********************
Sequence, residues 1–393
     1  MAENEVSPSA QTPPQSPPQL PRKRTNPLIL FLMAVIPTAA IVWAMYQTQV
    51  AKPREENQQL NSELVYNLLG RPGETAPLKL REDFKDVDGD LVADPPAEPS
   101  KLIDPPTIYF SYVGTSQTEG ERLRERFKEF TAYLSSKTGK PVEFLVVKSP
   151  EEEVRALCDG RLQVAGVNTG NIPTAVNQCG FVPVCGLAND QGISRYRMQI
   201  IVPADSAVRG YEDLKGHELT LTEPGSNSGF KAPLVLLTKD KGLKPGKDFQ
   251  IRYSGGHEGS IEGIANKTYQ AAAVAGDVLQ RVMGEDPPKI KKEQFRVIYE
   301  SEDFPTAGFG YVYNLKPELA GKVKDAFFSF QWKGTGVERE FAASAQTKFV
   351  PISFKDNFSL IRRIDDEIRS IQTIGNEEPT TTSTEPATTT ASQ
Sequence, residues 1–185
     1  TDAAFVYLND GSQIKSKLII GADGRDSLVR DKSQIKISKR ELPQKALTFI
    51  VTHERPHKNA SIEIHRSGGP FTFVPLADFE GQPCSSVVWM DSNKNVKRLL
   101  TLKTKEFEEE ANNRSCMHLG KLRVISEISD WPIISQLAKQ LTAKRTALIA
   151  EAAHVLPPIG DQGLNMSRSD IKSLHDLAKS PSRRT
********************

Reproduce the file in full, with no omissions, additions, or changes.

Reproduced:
Sequence, residues 1–393
     1  MAENEVSPSA QTPPQSPPQL PRKRTNPLIL FLMAVIPTAA IVWAMYQTQV
    51  AKPREENQQL NSELVYNLLG RPGETAPLKL REDFKDVDGD LVADPPAEPS
   101  KLIDPPTIYF SYVGTSQTEG ERLRERFKEF TAYLSSKTGK PVEFLVVKSP
   151  EEEVRALCDG RLQVAGVNTG NIPTAVNQCG FVPVCGLAND QGISRYRMQI
   201  IVPADSAVRG YEDLKGHELT LTEPGSNSGF KAPLVLLTKD KGLKPGKDFQ
   251  IRYSGGHEGS IEGIANKTYQ AAAVAGDVLQ RVMGEDPPKI KKEQFRVIYE
   301  SEDFPTAGFG YVYNLKPELA GKVKDAFFSF QWKGTGVERE FAASAQTKFV
   351  PISFKDNFSL IRRIDDEIRS IQTIGNEEPT TTSTEPATTT ASQ
Sequence, residues 1–185
     1  TDAAFVYLND GSQIKSKLII GADGRDSLVR DKSQIKISKR ELPQKALTFI
    51  VTHERPHKNA SIEIHRSGGP FTFVPLADFE GQPCSSVVWM DSNKNVKRLL
   101  TLKTKEFEEE ANNRSCMHLG KLRVISEISD WPIISQLAKQ LTAKRTALIA
   151  EAAHVLPPIG DQGLNMSRSD IKSLHDLAKS PSRRT